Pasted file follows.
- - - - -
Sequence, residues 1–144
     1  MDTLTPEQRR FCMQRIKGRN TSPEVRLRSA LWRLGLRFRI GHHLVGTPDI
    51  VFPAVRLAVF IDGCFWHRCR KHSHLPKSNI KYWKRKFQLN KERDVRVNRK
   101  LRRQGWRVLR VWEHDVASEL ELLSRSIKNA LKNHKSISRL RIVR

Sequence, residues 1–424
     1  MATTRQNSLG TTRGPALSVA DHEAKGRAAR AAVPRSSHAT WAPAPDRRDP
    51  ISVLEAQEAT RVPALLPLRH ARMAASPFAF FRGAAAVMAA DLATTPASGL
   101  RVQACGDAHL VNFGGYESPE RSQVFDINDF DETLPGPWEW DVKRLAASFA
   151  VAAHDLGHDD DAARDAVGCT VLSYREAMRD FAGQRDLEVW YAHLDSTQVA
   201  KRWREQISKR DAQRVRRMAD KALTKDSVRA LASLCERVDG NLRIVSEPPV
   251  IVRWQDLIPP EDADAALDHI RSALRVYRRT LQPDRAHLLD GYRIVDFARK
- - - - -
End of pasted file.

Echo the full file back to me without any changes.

Sequence, residues 1–144
     1  MDTLTPEQRR FCMQRIKGRN TSPEVRLRSA LWRLGLRFRI GHHLVGTPDI
    51  VFPAVRLAVF IDGCFWHRCR KHSHLPKSNI KYWKRKFQLN KERDVRVNRK
   101  LRRQGWRVLR VWEHDVASEL ELLSRSIKNA LKNHKSISRL RIVR

Sequence, residues 1–424
     1  MATTRQNSLG TTRGPALSVA DHEAKGRAAR AAVPRSSHAT WAPAPDRRDP
    51  ISVLEAQEAT RVPALLPLRH ARMAASPFAF FRGAAAVMAA DLATTPASGL
   101  RVQACGDAHL VNFGGYESPE RSQVFDINDF DETLPGPWEW DVKRLAASFA
   151  VAAHDLGHDD DAARDAVGCT VLSYREAMRD FAGQRDLEVW YAHLDSTQVA
   201  KRWREQISKR DAQRVRRMAD KALTKDSVRA LASLCERVDG NLRIVSEPPV
   251  IVRWQDLIPP EDADAALDHI RSALRVYRRT LQPDRAHLLD GYRIVDFARK